Sometimes it may feel difficult to come up with ideas for business blog posts and marketers lack time and budgets to create new content. It doesn’t need to be that complicated though. Here are some ideas on how to find and reuse existing content and repackage it for blog posts.

Review the content you already have on- and offline

Even if the existing content seems old to you, it doesn’t mean that your target groups have found it or read it. Look through your drawers and archives and scan your online presence to find content jewels to reuse. Here are a few examples of what you should be looking for.

Catalogues, brochures and leaflets

Printed material is obviously not searchable by Google and will never be found online. With a knowledge focused printed leaflet, brochure or catalogue, you can write a short summary of it in a blog post. Write the post as if it was a teaser promoting your full length content.

Focus the post on answering the questions your target groups might have and link to the a downloadable version of the printed content for them to read the full story and get all their questions related to the topic answered.

If the content is considered valuable for your target groups they will not mind filling in a form to accesses the full version as a pdf. It doesn’t matter if the content has previously been (or still is) accessible for free somewhere else. Visitors tend to fill in their contact details if they find the content valuable enough.

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With a lengthy brochure you can slice it into smaller parts, focusing on different topics. For each part/topic of the brochure you can write a blog post. In that way you will get a number of posts leading to the same landing page where the visitor can download the full brochure. You can of course also choose to create shorter pdf-versions of different parts/topics of the brochure and lead the reader of each post to different landing pages where the reader can access that specific part of the brochure.

Reports and studies

Various kinds of reports and studies are also perfect material to base a blog post on. Write a summary of the report and link to a landing page from which the reader can access the complete report. If the report or study looks dull and was originally an internal document, just adjust the design according to your company profile and it will shine for your readers.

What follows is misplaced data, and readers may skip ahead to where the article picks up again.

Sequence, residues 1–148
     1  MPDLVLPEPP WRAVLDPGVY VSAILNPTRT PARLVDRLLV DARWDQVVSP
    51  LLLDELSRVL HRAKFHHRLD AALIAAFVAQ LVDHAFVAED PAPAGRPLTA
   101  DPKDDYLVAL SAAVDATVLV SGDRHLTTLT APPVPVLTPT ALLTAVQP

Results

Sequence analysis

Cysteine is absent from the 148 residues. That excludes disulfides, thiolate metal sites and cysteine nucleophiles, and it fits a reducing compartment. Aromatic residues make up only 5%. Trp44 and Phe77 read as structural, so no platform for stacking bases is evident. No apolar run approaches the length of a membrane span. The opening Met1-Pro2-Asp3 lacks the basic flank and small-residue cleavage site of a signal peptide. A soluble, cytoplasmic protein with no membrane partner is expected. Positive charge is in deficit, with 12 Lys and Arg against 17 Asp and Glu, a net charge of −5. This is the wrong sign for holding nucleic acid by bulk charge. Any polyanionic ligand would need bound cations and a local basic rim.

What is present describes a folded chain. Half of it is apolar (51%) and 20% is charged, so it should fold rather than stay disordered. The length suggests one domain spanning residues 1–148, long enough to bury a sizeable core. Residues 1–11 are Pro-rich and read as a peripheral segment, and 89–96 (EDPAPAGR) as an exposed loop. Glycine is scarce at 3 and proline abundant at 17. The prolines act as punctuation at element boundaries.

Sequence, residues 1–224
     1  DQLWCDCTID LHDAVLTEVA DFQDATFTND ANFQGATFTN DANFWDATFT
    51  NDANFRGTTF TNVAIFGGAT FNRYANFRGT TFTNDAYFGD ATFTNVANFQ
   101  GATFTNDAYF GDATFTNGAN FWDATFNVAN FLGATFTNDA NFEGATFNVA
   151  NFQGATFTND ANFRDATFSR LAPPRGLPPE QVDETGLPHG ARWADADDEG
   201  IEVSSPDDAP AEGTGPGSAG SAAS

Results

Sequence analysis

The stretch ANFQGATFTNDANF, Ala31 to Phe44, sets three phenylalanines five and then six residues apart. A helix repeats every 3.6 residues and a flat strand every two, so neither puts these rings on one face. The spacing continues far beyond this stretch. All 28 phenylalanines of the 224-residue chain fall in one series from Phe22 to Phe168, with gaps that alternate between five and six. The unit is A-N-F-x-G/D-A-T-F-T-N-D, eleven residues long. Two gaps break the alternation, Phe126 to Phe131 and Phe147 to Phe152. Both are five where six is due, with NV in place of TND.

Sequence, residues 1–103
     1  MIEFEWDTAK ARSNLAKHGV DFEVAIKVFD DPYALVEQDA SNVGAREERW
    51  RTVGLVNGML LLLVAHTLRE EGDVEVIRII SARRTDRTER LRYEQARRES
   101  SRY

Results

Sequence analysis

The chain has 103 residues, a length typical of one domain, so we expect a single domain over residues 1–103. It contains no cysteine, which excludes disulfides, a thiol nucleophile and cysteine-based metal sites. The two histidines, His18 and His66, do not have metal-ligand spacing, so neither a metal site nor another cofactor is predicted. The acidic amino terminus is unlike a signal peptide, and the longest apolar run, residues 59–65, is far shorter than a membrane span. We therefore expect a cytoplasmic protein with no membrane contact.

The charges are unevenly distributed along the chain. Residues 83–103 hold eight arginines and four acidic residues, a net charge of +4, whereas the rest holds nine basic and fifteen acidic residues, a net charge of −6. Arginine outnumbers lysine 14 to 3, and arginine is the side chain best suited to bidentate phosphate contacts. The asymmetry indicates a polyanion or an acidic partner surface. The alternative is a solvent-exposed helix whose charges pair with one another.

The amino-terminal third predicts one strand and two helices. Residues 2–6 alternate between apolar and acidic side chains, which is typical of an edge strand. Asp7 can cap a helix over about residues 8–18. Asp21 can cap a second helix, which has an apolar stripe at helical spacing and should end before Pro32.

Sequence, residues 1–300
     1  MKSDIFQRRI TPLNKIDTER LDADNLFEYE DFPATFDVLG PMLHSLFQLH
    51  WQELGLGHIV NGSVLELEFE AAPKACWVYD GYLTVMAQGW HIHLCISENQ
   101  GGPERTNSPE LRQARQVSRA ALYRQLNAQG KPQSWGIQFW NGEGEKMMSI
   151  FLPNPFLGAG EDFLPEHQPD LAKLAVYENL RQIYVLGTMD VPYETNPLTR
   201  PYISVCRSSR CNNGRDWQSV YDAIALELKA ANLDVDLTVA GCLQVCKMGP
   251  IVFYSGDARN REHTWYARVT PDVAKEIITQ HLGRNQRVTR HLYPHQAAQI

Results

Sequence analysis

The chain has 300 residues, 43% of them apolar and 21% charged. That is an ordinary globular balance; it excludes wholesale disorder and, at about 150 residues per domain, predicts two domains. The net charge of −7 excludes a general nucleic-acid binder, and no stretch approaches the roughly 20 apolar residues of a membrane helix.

Printed company magazines

If you have a printed company magazine, copy the articles one by one and post them to your blog. Voilà you will have line up of posts to schedule for the next couple of weeks on a regular basis. As a bonus, in a long term perspective, you will probably move the readers of the magazine from print to online and benefit from the fact that the articles are searchable in Google and will therefore attract new readers.

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Videos

Video based material is also a great source to use for creating posts. Customer testimonials, interviews with customers or co-workers that explains a topic related to your business is perfect to write a post around. Summarise what the video is about and show a short clip of the video in your post, and then link to a landing page where the user access the full video.

Customer service

Customer service has loads of information about what questions your customers have. Summarise some of the most important questions and answers and create posts on the topics you have discovered as important.

Facts and figures

Results from analysis, comparison charts, stats and other facts and figures could be made interesting and attractive by visualizing the data in the form of an infographic. Summarise the conclusion of the infographic in a post and make the infographic downloadable in the post. Read more about how to create and infographic in this post by my colleague Elisabet Isacchi.

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To conclude; for most companies, there is an ocean of existing content to dive into and reuse for a blog. Just dig into it and you will quickly get your blog filled with attractive posts. Get more inspiration about this topic and the benefits of content upcycling by reading my colleague Peter Ishii’s post or contact Zooma for more guidance. Happy blogging :-)

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Louise Waern

Project Manager
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